Upthread Hemingway was mentioned, naturally, A Moveable Feast of course, like The Sun Also Rises, Paris books; but for Venice you might possibly like Across the River and Into the Trees and for Northern Italy in general, A Farewell to Arms.

Bill Bryson? After seeing him perform at a book-signing, I could never read him again; but here's an excellent quote for the European first-timer from his Lost Continent, "Travels in Small-Town America":
    Then one gray Sunday afternoon when I was about ten I was watching TV and there was a documentary on about moviemaking in Europe. One clip showed Anthony Perkins walking along some sloping city street at dusk. I don't remember now if it was Rome or Paris, but the street was cobbled and shiny with rain and Perkins was hunched deep in a trench coat and I thought: "Hey, c'est moi!" I began to read - no, I began to consume - National Geographic, with their pictures of glowing Lapps and mist-shrouded castles and ancient cities of infinite charm. From that moment, I wanted to be a European boy. I wanted to live in an apartment across from a park in the heart of a city ,and from my bedroom window look out on a crowded vista of hills and rooftops. I wanted to ride trams and understand strange languages. I wanted friends named Werner and Marco who wore short pants and played soccer in the street and owned toys made of wood. I cannot for the life of me think why. I wanted my mother to send me out to buy long loaves of bread from a shop with a wooden pretzel hanging above the entrance. I wanted to step outside my front door and be somewhere.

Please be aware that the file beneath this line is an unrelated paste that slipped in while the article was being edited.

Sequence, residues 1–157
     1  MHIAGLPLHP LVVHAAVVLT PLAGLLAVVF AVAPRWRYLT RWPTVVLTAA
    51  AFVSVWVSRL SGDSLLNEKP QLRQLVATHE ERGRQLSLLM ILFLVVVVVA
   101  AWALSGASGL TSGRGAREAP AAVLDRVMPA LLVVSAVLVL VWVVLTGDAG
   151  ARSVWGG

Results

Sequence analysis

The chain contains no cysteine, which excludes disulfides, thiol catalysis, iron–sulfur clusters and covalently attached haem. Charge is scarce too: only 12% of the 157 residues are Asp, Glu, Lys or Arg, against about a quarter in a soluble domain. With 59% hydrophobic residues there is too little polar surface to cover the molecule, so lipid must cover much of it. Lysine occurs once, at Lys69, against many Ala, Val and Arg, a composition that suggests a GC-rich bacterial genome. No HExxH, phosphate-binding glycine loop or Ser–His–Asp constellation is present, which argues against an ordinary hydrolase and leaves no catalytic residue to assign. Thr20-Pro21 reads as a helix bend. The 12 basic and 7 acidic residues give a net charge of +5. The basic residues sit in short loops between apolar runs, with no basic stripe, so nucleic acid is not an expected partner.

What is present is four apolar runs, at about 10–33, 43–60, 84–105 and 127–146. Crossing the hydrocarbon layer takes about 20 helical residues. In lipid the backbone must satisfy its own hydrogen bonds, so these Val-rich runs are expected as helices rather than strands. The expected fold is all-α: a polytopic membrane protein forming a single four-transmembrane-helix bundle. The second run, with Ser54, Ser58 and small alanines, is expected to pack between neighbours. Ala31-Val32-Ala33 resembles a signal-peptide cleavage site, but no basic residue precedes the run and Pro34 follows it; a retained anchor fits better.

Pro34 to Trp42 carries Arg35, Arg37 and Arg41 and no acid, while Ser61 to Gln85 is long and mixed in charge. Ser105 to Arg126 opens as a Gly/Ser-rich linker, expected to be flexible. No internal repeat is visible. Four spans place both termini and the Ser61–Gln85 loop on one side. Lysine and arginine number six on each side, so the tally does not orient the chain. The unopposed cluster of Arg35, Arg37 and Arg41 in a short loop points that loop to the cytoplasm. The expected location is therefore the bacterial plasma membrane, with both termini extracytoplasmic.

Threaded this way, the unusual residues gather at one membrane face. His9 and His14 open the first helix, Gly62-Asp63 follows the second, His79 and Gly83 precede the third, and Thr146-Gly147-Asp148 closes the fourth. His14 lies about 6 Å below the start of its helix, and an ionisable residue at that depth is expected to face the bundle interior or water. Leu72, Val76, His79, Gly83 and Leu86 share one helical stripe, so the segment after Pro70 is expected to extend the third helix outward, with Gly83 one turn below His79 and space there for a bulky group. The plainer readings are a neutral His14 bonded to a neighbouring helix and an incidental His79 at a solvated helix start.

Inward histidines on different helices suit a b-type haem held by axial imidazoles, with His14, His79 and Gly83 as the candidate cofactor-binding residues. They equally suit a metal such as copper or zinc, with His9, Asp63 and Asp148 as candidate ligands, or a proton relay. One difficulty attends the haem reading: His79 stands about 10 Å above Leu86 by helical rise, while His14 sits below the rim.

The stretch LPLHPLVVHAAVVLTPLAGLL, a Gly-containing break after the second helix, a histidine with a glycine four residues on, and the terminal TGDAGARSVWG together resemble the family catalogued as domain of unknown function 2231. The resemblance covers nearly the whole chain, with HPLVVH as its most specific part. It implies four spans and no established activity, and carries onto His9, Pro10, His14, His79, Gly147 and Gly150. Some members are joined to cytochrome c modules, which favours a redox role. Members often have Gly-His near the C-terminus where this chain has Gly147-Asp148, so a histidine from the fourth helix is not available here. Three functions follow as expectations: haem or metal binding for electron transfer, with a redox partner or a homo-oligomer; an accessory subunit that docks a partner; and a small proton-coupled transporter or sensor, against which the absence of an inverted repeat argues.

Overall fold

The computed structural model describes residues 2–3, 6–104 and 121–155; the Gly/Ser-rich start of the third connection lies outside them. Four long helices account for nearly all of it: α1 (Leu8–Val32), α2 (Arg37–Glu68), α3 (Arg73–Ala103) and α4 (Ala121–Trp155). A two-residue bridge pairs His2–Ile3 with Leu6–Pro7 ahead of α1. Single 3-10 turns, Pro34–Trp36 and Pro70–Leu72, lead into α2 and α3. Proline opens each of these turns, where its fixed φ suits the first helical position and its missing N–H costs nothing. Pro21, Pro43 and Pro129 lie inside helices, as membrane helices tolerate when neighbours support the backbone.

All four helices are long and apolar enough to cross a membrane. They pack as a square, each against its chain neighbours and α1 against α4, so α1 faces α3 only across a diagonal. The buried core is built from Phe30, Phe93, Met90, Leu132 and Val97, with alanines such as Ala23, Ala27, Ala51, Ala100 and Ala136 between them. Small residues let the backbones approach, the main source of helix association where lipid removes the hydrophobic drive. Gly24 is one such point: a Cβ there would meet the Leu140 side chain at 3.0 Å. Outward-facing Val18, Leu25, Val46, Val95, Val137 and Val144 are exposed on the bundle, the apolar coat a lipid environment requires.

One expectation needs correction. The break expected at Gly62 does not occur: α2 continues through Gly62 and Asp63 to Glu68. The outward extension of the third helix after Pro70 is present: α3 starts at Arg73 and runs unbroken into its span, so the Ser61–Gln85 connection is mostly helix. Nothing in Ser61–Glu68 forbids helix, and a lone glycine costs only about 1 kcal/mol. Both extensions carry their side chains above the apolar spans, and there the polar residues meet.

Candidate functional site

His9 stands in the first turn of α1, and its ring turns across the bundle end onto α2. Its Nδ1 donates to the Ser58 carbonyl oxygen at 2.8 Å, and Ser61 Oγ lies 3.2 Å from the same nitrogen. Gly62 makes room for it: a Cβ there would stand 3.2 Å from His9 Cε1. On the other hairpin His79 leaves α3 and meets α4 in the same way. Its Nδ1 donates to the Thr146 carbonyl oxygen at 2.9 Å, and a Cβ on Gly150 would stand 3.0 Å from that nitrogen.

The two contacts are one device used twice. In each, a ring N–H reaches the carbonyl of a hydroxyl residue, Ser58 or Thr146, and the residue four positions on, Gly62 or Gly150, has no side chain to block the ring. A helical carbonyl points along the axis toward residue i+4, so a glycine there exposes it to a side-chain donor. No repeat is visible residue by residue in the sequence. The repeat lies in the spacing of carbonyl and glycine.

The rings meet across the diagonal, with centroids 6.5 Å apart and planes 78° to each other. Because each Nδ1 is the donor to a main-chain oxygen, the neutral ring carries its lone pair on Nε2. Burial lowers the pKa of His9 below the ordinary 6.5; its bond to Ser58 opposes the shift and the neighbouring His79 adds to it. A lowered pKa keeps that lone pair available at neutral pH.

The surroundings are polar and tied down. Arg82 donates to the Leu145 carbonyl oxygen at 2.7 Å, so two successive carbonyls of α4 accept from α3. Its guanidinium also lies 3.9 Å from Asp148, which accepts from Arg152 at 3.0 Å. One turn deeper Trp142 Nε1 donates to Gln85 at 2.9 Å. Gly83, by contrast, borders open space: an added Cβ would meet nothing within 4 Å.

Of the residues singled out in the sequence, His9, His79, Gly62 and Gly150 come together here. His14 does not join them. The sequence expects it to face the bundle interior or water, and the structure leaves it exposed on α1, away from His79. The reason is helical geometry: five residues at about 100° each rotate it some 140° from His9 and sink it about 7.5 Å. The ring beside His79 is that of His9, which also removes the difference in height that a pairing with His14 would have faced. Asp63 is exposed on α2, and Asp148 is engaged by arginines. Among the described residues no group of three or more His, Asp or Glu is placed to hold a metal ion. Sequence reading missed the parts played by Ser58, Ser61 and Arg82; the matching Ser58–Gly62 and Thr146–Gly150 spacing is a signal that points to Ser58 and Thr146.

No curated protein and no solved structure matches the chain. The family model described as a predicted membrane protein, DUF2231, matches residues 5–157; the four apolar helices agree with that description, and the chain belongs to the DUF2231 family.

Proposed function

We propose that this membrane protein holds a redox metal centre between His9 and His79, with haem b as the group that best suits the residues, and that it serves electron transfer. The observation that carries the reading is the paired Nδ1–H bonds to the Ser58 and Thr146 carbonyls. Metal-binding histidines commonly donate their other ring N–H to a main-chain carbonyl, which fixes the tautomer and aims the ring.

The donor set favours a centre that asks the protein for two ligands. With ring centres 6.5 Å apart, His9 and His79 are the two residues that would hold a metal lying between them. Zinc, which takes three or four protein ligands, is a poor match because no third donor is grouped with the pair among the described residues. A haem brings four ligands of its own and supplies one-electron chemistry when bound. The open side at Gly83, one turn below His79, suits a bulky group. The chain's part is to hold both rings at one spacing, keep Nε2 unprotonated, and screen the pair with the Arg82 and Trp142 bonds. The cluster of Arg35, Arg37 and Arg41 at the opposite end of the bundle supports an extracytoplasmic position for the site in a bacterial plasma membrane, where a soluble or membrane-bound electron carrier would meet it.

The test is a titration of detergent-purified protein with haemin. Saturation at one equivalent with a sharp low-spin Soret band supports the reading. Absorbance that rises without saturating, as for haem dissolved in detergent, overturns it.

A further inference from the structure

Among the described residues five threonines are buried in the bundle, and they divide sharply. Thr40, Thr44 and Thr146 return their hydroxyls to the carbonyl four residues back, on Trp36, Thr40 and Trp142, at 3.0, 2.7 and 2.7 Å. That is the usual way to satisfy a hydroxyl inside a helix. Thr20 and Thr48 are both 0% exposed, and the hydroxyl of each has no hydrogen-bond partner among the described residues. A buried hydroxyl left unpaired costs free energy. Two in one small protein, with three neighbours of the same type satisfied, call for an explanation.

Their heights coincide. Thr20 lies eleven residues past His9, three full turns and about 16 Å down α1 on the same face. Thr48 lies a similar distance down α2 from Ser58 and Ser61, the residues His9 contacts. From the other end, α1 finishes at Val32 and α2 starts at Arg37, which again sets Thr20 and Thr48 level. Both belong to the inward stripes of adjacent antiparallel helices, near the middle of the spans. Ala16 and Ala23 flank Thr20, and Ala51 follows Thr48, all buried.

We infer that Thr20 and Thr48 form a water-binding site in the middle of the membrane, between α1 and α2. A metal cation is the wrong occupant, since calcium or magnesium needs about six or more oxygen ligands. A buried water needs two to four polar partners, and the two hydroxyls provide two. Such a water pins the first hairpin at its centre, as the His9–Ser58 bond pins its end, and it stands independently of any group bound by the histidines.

posted by Rash at 9:45 AM on June 24, 2009 [1 favorite]


Down and Out in Paris and London by George Orwell
Tarr by Wyndham Lewis
Death on the Installment Plan by Louis-Ferdinand Céline

Those are all about Paris and, frankly, all kind of downers, but good reads nevertheless.
posted by clockwork at 10:07 AM on June 24, 2009


City of Falling Angels
posted by greta simone at 11:03 AM on June 24, 2009


Highly recommended (by me, at least): Americans In Paris, an outstanding anthology.
posted by DandyRandy at 11:45 AM on June 24, 2009 [1 favorite]


Pillars of the Earth by Ken Follett is about the building of a cathedral in 12th century France following the stone mason and architect and monks involved over the course of a hundred years.

The vast majority of this book is set in England, not in Continental Europe, fyi.
posted by Tapioca at 1:21 PM on June 24, 2009


Thanks, what a bountiful and exciting list! I can't wait to get started.
posted by Dilemma at 10:22 PM on June 26, 2009